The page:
Hundreds of workers at mining operations in northern Saskatchewan have been in touch with their local unions following news that Cameco plans to permanently lay off hundreds of workers at the McArthur Lake and Key Lake uranium operations.
The workers are worried and concerned, and are left with few other options for employment in northern Saskatchewan, according to Local 8914 Union President Denis O’Hara. The workers are eligible for employment insurance benefits and Cameco has agreed to pay health benefits and a 75 per cent top-up of wages until November 15, but O’Hara said the employees still have a tough decision to make.
“Following November 15, their name either goes on a three-year recall list – in other words they will still be Cameco employees for the next 36 months – or they can apply for a severance package and terminate their employment,” O’Hara said Thursday. “Fifty per cent of the union workforce is of Aboriginal ancestry, most of whom live in northern communities where there’s no job opportunities.”
Cameco announced Wednesday that it would permanently lay off the workers who have been temporarily laid off since January. The company said the decision is due to low uranium prices and a surplus of supply in stores around the world.
The job losses include 550 workers at Cameco’s McArthur Lake and Key Lake site, and another 150 from the company’s corporate office. About 200 workers will keep their jobs in the north in order to maintain the site and facilities, the company said.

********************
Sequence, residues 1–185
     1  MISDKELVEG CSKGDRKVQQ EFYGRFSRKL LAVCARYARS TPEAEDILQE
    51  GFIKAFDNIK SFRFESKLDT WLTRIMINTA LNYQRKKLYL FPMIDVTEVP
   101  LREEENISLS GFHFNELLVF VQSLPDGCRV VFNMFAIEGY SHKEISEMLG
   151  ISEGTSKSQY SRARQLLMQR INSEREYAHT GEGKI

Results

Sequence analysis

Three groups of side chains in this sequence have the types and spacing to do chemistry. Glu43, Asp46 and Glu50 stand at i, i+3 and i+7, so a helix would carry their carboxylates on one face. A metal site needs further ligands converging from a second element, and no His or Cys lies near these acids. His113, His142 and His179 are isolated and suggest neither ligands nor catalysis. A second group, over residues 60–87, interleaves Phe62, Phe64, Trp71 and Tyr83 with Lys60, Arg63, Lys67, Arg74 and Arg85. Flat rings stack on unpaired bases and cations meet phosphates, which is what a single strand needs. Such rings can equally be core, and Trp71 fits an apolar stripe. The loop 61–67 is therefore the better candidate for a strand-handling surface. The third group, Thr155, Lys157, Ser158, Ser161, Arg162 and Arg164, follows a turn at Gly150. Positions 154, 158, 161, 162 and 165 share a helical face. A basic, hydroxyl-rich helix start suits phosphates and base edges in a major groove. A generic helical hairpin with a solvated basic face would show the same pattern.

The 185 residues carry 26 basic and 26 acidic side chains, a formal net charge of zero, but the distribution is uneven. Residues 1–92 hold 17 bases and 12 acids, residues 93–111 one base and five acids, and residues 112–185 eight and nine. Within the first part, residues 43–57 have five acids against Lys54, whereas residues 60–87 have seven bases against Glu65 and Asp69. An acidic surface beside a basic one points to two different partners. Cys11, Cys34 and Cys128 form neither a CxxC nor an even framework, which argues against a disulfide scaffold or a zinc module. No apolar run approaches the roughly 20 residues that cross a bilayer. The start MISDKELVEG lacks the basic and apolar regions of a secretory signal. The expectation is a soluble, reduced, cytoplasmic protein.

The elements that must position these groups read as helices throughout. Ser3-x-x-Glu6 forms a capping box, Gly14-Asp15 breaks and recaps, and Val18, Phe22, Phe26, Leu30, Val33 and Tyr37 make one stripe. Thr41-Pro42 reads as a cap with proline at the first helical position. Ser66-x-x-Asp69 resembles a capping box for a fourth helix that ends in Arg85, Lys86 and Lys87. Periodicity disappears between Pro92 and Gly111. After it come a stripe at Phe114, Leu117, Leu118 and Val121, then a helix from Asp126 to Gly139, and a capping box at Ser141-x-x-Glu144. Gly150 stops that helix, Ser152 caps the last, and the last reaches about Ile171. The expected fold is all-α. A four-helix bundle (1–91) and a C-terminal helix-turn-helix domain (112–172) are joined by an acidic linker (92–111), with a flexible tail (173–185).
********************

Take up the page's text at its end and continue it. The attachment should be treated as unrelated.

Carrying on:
Dave McIlmoyal, President of Northern Resource Trucking, said the company laid off about 20 drivers back in January when the temporary layoffs were announced and will likely make those layoffs permanent now. NRT has been working in the north for more than 30 years, he said, and has been actively looking for new routes in Ontario, Manitoba, northern Alberta, and northern British Columbia.
The company has weathered downturns in the mining industry before, but McIlmoyal said Cameco’s announcement will have a big impact on residents of northern Saskatchewan.
“We have the equipment and the people that are used in places like the oil patch and other industrial settings and that sort of thing, so we’re just leveraging the skills that we had in the uranium mining industry to expand and survive,” McIlmoyal told paNOW. “I certainly don’t want to minimize the impact, but we’re a little different because trucks can move other places … but it’s a very difficult time for all of us.”
Cameco in it for long haul says analyst
The financial impact of Cameco’s layoffs is still yet unclear, but business analyst Paul Martin said the uranium giant isn’t going anywhere with demand for uranium increasing around the world.
Martin estimates the uranium market normalizing by 2020 at which time he said it’s Cameco’s intent to come back stronger than before.
“There will be more jobs, not fewer down the road,” he told 650 CKOM Thursday.
As a producer of other commodities such as oil, potash and grains, Martin said Cameco’s announcement is a sobering reminder about how the province’s economy hinges on world markets.
He said prices are very volatile in each of those markets, putting us at the bottom end of the cycle right now.
“They need to turn off the tap, turn off the supply, consume whats out there and that will drive the price up,” Martin said.